Reduction of Turnover Rate of Teachers Adler and Kwon (2002) contend that social capital reduces the turnover rate of teachers in schools. A participant stated that:

You know, when I have a problem I know who to call to solve the problem. Educators help one another very much and that's why I am still on the job.

Aih!!!! with all these school violence issues, I would have long left.

The maintenance of a particular teaching team in a school consolidates specialisation, and in the long run, enables the school to achieve academic excellence. Social networking provides avenues for school managers to engage and motivate one another in this era of increased school-based violence. Prinsloo (2005) is of the view that teachers have a higher tendency to remain in a particular school where learners and teachers feel safe. A principal revealed that:

When we get to principal meetings we bond and exchange cell numbers. So, I call Mr Stone to get insight on his school-based violence intervention strategies to develop for my school.

School managers, like principals, with abundant social capital, can make an immense managerial impact in creating a safe school environment in schools that are free of school-based violence (De Carolis et al., 2009). According to Poland (2003) teachers and learners are justified in fearing for their own safety. The teaching and learning processes are often compromised by the need to address unacceptable behaviours and to prevent violence in schools.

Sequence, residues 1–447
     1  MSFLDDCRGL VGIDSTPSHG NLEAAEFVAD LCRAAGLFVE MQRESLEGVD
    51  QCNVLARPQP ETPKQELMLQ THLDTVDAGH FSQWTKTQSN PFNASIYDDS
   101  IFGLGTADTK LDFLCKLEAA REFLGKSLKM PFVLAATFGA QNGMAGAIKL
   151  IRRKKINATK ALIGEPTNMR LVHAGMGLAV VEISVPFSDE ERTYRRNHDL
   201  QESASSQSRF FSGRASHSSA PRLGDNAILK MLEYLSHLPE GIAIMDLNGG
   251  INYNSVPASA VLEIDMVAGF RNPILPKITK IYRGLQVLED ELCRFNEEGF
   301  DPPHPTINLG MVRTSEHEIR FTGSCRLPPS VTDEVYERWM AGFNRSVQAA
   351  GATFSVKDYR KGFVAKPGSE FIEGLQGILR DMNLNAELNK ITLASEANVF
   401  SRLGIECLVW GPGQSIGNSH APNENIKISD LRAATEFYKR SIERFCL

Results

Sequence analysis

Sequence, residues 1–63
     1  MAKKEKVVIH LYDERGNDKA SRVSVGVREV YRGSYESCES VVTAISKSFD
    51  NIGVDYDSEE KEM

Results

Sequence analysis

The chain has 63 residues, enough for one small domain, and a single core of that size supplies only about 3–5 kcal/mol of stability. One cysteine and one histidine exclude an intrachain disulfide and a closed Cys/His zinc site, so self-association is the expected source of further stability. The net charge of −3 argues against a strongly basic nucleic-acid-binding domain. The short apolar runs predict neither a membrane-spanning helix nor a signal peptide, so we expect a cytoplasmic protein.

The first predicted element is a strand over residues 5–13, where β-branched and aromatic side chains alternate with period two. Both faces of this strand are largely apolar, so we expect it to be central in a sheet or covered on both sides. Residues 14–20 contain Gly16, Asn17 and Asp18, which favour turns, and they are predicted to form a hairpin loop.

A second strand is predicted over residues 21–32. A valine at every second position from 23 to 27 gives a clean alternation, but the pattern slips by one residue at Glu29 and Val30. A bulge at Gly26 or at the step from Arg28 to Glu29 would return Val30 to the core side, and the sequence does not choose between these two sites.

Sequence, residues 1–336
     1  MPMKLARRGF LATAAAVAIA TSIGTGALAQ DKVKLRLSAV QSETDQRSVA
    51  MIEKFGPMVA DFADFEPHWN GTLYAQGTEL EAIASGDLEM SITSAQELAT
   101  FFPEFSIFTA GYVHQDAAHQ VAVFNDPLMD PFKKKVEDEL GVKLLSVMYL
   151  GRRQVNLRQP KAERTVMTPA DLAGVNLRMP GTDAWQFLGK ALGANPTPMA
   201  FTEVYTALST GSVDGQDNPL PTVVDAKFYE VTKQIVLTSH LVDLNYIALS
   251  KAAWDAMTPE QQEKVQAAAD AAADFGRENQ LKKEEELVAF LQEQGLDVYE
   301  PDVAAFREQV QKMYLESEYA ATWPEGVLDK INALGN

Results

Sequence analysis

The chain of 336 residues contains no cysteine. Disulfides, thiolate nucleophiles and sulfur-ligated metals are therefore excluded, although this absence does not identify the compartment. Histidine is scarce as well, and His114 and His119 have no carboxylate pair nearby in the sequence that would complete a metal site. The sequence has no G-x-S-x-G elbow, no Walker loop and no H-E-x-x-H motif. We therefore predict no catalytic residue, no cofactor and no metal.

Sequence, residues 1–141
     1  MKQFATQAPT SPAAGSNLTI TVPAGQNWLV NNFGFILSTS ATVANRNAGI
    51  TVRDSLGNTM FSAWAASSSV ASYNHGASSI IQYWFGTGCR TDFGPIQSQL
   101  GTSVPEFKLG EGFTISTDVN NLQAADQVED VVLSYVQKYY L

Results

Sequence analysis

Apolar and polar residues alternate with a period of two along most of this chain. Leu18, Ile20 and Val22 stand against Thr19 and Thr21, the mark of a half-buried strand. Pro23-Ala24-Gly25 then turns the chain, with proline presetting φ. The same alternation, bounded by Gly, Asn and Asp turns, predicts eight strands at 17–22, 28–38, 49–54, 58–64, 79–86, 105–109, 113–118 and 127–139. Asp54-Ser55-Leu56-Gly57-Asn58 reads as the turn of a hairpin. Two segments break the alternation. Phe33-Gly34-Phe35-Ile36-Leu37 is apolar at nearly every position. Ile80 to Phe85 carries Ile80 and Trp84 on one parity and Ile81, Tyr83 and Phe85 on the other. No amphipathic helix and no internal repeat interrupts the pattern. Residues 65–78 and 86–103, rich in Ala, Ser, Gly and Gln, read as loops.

The issue of school-based violence has becoming an increasing challenge for school managers to control and manage. The causes of school-based violence are multifaceted and as such there has not been any single approach that could be adopted by school managers to reduce school-based violence. This paper identifies social networking as a possible strategic tool school managers can adopt in managing school-based violence in high schools. Adopting social networking facilitates exchange of information and joint creation of intervention strategies. The findings from this case study show that some of the managerial benefits of social networking are the following: (1) social capital is created, which improves the decision-making ability of school managers and fosters a safe school climate that promotes teaching and learning; (2) social networking enables school managers to harness other school managers' information and resources that ease the management of school-based violence in high schools; (3) social networking reduces the turnover rate of teachers by creating a safe school climate that assures teachers of some level of safety in schools and reduces burnout rate. The effective management of school-based violence is critical in order to create a safe school environment for teachers and learners and to promote quality teaching and learning.



i. Published under a Creative Commons Attribution Licence.